These encounters may happen in the strangest of places, always best when unexpected.  Those of you who have been reading these ramblings for a long while may remember my relating just such an encounter between myself and my beloved, 95 year-old professor of American Jewish History, Dr. Jacob Marcus.  We exchanged memorable words to each other as we stood urinating next to each other in the downstairs Men’s room of the Plum Street Temple (this story is soon to reprinted in a future edition of the scholarly journal, “Historic Jewish Excretions”), a few moments before Sandford Kopnick became a “Rabbi in Israel” (the Israel job must have been filled as Sandford instead became a Rabbi in Chicago).  My point is simply, that one never knows when someone might hear something that will knock her/his socks off.

Last month, I had occasion to return to my home synagogue, B’nai Jehoshua-Beth Elohim, to celebrate its 100th anniversary.  Only five of its sons and daughters had entered the rabbinate, and were all invited back to participate in this historic Shabbat Service.  Also in attendance were, Rabbi Alexander Schindler, President of the Union of American Hebrew Congregations (my ultimate boss), Rabbi Mark Shapiro, the spiritual leader of the congregation for the last 31 years, and Rabbi Arnold Jacob Wolf, one of the former rabbis of the old B’nai Jehoshua (the temple of my youth).

Rabbi Arnold Wolf is an impish, genius of a man; a rabbi’s rabbi who had a profound impact on my life as I was growing up.  I came under his spell after he had left my congregation (he served there as rabbi during the time I celebrated my 6th through 10th birthdays).  It was later, throughout the summers of my camper and staff years at Union Institute camp in Oconomowoc, Wisconsin, that I really got to know Rabbi Wolf.  You see, Arnie Wolf was no ordinary rabbi, he was a rebel.  He was a radical.  He challenged my every belief.  He made me think and question.  He was my teacher and the expander of my horizons.  And, so many times he made me laugh.  I hadn’t seen Rabbi Wolf in 20 years.  We met again that night when I returned to “BJBE” where I could still hear the voices of my father and grandfathers, my aunts and uncles and cousins; the tumult of my confirmation class and youth group.

Prior to the arrival of the 600 or so congregants who would gather for the Shabbat service, the special guests were invited to a small Shabbat dinner.  Before the meal I re-introduced myself to Rabbi Wolf.  When he heard my name he looked at me as if he couldn’t believe his eyes (I guess I’d grown up a bit).  His first words knocked off my right sock.  As if he had kept track of me all of these years, he said, “You created the perfect career for yourself.”  His eyes were bright.  He was proud of me, one of his long, lost, camp kids.  I smiled, but didn’t exactly understand what he meant and was about to ask, when he hit me with the second punch of this verbal one-two combination.  This one left me completely sockless.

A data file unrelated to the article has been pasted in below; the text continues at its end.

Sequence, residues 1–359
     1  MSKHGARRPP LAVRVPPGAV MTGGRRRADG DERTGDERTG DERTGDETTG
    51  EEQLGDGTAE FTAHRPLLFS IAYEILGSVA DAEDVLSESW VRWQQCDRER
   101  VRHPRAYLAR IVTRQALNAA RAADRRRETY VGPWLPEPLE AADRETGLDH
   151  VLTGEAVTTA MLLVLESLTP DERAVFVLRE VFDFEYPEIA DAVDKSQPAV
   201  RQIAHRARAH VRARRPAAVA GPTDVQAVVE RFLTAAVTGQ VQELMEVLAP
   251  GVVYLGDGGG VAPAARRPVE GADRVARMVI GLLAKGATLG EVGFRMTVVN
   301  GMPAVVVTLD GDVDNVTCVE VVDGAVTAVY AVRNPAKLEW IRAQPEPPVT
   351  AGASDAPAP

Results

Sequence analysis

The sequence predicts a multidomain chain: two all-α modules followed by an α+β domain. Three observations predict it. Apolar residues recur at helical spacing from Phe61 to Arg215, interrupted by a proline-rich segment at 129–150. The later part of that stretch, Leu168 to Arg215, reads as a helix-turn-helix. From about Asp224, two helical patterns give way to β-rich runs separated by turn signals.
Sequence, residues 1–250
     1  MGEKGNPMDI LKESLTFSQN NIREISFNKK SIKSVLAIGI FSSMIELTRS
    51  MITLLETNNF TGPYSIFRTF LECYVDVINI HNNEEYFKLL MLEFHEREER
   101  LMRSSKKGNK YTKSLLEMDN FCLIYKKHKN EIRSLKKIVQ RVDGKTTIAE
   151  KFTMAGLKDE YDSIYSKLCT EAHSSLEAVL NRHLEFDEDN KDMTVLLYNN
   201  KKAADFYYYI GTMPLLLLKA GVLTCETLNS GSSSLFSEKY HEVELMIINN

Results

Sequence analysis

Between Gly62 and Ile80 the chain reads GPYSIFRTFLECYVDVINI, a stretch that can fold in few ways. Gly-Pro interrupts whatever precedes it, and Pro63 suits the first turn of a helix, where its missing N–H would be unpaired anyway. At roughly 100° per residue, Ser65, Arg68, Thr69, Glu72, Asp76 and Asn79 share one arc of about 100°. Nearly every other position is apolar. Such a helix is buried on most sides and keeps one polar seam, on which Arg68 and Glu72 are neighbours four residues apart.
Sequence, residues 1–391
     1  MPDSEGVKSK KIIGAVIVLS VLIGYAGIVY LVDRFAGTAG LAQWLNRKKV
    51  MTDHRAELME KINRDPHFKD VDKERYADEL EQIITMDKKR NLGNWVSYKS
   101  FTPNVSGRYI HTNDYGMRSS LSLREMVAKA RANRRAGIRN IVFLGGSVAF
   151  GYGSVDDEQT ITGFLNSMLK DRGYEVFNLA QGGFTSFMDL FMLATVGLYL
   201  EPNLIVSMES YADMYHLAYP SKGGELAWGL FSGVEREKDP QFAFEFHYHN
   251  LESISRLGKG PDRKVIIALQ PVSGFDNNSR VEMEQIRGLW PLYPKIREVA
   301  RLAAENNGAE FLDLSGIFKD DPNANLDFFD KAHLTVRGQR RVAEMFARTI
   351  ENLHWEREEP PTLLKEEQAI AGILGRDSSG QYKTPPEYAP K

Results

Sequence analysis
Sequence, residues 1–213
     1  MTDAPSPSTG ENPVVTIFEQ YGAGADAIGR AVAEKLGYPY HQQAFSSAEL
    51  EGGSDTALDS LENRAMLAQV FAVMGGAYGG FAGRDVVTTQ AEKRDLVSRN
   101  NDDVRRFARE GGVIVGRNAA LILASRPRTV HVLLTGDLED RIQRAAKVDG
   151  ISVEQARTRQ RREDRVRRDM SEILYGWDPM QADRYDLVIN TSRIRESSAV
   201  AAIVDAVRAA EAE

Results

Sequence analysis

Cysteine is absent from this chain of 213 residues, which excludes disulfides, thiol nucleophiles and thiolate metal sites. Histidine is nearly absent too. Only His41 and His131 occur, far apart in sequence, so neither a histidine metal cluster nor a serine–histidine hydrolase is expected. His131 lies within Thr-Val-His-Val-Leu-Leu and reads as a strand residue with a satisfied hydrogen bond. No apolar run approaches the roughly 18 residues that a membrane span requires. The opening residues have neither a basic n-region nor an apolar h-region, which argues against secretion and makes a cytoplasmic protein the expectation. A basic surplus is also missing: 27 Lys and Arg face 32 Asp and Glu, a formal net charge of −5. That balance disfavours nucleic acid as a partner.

Rabbi Wolf told me that even though his congregation was in Chicago, and that most of his kids attended Olin-Sang-Ruby Union Institute, several of his temple children had come down to Zionsville.  He went on to say that each of those GUCI campers had returned telling tales of love and enthusiasm, for friends and Judaism.  He poked his finger at my tie (I was nicely dressed), leaned a little forward and proclaimed, “Ronnie, you’re really doing it!”
I said, “Rabbi, you taught me well in the early days of Union camping.”  But he wouldn’t hear of it.  His next words are the ones I will always hold dear.He said, “It was easy back then in the early 60’s.  Everyone was into it.  But you are really making it happen for our kids now- and it’s not happening in many places.”

He was almost immediately swept away by other guest who wanted to talk, reminisce, and laugh with this beloved rabbi.  I couldn’t get his compliment out of my head.  That Rabbi Wolf would even remember me, let alone appreciate my work, our work.  I must admit that, personally, the rest of the evening paled in the shadow of that moment.  I had made my rabbi proud; and he had made my decade.

Ron